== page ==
European stocks are seen opening broadly lower on Friday after the ISIS claimed responsibility for the twin blasts in Kabul airport and U.S. President Joe Biden vowed to “hunt” down the terrorists and make them “pay” for the deadly attacks.
Investors also await Fed Chair Jerome Powell’s symposium speech later today after non-voting members of the Federal Open Market Committee made hawkish monetary comments, urging the Fed to start tapering bond purchases in the fall and finish the process by the first quarter of next financial year.
President of the St. Louis Fed James Bullard said the central bank’s bond-buying blitz has started to create bubbles in the U.S. housing market.
Federal Reserve Bank of Dallas President Robert Kaplan said he favors an announcement at the September meeting to begin tapering bond buying and implementing it in October or shortly after.
Kansas City Fed President Esther George told CNBC that she would be ready to talk about taper sooner rather than later.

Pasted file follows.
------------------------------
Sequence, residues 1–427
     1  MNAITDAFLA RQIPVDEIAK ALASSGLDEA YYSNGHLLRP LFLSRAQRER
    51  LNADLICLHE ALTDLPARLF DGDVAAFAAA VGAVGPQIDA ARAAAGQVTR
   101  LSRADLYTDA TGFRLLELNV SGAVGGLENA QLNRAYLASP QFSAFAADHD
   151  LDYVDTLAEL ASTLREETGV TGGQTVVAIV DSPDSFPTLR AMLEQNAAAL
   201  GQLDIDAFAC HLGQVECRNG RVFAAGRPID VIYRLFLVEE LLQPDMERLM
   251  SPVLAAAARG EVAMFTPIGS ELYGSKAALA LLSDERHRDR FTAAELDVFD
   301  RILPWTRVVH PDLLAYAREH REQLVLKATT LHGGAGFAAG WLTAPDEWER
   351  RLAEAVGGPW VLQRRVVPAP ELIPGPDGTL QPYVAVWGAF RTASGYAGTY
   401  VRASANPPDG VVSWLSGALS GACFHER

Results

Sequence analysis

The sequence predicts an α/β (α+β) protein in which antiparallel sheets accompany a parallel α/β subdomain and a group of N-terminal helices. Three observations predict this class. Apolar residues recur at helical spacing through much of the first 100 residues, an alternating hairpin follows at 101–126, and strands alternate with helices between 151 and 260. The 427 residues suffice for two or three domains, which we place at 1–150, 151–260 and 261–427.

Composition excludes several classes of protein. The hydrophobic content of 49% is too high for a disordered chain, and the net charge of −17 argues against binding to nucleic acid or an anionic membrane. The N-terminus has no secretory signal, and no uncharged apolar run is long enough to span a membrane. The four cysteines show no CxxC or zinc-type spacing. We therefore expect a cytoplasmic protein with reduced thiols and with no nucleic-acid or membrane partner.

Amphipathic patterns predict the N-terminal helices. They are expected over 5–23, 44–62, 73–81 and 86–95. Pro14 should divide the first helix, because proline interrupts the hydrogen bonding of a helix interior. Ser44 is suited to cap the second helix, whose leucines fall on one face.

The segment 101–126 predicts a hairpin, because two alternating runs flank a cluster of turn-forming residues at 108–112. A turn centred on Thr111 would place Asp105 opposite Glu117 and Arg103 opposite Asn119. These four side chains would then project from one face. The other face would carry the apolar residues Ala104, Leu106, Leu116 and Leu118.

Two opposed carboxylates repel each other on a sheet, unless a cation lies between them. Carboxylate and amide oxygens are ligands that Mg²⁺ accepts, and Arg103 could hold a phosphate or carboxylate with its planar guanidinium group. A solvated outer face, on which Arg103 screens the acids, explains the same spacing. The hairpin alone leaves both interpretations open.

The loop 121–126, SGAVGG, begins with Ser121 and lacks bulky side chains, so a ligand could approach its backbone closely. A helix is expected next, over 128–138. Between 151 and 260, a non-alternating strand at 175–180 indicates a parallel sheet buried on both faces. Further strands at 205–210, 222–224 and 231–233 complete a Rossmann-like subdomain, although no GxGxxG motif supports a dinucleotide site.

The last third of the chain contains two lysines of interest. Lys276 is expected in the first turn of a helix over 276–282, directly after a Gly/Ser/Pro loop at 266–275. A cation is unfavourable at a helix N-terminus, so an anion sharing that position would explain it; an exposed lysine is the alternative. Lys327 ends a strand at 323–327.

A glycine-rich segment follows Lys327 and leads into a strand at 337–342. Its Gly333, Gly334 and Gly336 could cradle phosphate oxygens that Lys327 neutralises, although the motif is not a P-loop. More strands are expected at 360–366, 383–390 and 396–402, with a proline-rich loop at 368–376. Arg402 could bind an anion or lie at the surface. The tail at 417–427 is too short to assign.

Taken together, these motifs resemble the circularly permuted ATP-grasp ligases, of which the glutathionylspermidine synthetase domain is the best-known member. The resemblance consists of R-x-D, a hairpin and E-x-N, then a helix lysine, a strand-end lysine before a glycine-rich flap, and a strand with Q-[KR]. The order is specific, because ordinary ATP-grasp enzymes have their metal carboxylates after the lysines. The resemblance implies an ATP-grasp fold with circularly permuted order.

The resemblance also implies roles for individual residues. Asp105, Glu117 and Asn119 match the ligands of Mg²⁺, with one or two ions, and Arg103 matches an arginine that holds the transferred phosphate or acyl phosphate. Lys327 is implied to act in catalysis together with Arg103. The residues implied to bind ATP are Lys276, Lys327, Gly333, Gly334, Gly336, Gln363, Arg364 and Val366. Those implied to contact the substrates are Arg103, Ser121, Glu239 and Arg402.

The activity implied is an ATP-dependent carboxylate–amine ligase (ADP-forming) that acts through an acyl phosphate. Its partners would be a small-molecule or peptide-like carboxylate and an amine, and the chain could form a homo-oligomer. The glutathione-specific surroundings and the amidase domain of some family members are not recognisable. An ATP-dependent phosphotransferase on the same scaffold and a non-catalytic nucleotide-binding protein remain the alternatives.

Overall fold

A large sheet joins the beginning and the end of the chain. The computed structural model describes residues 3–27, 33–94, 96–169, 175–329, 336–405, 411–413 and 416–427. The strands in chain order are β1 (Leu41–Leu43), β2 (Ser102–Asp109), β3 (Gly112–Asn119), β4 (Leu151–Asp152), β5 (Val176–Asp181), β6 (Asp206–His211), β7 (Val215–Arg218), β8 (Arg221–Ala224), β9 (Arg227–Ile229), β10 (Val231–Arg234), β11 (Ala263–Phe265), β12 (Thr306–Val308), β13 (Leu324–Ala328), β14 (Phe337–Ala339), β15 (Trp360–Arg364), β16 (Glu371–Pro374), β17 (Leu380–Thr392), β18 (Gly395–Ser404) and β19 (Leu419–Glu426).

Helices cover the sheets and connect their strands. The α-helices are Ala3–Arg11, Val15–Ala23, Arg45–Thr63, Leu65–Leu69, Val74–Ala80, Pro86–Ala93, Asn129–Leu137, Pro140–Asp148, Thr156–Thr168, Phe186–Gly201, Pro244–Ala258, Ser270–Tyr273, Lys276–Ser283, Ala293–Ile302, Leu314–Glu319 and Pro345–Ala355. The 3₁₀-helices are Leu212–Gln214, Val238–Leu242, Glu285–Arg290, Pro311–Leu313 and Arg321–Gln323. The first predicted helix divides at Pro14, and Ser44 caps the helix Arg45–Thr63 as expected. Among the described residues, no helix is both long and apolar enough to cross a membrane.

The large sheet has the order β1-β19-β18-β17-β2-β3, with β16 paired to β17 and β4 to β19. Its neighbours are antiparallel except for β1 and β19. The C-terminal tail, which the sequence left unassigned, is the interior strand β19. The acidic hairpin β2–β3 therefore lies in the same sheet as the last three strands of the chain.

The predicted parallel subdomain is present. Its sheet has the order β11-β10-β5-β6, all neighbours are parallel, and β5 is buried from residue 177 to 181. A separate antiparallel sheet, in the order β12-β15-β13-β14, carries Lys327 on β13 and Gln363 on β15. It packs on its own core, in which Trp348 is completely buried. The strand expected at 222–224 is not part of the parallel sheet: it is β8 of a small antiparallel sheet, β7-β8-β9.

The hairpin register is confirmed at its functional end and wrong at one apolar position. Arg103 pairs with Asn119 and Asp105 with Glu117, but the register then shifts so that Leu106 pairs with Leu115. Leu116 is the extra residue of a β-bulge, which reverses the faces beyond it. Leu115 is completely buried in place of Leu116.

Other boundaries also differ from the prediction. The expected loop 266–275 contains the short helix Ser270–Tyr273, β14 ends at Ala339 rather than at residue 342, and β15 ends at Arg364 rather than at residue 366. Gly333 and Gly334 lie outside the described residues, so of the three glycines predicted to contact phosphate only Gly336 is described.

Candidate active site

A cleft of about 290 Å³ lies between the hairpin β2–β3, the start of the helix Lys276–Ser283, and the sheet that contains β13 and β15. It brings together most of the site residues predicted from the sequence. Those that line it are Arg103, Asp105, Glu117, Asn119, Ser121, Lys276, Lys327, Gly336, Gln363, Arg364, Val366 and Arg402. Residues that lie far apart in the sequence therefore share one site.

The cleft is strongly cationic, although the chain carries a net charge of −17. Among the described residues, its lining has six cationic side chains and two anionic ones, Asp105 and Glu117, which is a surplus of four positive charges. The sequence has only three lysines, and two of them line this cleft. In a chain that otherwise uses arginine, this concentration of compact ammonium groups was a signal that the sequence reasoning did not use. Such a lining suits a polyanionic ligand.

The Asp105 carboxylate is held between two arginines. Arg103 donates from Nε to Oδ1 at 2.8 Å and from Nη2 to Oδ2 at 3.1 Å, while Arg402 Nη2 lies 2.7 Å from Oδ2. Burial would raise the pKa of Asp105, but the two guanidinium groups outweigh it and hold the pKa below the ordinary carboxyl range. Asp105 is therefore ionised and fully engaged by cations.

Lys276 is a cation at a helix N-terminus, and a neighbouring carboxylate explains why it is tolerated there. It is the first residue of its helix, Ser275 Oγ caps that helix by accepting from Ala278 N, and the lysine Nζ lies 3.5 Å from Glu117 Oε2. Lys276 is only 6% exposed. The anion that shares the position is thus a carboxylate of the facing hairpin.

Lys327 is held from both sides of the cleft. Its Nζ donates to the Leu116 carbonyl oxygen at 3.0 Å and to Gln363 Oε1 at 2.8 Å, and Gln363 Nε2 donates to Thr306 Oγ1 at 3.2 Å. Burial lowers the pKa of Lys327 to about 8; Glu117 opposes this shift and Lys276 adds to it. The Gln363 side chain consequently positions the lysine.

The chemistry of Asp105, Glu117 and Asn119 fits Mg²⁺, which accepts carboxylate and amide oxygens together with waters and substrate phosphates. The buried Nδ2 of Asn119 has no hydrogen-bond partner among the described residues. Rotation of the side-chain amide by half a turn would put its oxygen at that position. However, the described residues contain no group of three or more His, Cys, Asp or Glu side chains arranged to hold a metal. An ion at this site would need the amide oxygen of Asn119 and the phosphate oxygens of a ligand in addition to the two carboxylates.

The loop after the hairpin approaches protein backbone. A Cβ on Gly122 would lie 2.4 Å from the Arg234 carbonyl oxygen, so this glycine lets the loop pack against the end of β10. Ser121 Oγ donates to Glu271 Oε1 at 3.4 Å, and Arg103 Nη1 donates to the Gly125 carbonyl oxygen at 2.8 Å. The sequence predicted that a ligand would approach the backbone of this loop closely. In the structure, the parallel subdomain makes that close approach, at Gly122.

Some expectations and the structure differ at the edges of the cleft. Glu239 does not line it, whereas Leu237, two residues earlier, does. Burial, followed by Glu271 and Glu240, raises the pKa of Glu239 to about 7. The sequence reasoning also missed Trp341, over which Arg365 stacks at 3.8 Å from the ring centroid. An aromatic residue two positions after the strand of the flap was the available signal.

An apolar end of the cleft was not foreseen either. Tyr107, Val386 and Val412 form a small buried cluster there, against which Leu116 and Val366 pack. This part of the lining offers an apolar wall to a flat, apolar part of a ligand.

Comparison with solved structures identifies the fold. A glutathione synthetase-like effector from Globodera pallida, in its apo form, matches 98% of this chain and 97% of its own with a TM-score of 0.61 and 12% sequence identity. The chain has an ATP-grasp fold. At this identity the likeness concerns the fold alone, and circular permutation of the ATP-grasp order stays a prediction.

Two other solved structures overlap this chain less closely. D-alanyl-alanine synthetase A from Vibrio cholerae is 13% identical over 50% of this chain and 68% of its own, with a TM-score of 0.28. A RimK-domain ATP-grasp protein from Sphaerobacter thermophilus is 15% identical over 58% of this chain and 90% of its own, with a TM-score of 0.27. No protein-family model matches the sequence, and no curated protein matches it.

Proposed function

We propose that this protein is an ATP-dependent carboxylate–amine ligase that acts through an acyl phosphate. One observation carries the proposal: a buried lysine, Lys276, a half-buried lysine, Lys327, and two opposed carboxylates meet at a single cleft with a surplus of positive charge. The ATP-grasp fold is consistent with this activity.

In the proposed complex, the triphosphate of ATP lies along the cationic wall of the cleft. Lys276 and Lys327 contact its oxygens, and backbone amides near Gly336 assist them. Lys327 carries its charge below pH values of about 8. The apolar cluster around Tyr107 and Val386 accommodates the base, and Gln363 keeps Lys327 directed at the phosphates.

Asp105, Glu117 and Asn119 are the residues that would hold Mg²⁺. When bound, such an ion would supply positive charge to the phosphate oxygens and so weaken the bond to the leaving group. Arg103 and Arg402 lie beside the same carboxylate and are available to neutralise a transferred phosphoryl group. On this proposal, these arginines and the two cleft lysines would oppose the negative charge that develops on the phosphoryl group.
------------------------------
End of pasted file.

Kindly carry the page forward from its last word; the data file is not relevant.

Asian markets were mixed in cautious trade and Treasury yields held steady as investors looked ahead to Powell’s remarks for clues on how the U.S. central bank might pare bond purchases.
Oil prices rose in Asian trade and were on track to post big gains for the week after reports that a tropical system currently to the southeast of Mexico could strengthen and make landfall from the Gulf of Mexico this coming weekend.
Gold edged up slightly on safe-haven buying amid rising geopolitical tensions in Afghanistan, while Bitcoin traded around $47,000.
U.S. stocks retreated from record highs overnight, with news of bombings at the Kabul airport and hawkish comments from Fed officials weighing on sentiment.
In economic news, the latest jobless claims and annualized gross domestic product data slightly missed estimates. The Dow dropped half a percent, while the S&P 500 and the tech-heavy Nasdaq Composite shed around 0.6 percent each.
European stocks fell on Thursday as data showed faltering German consumer morale amid rising COVID-19 cases.
The pan European Stoxx 600 declined 0.3 percent. The German DAX slipped 0.4 percent, France’s CAC 40 index eased 0.2 percent and the U.K.’s FTSE 100 gave up 0.4 percent.
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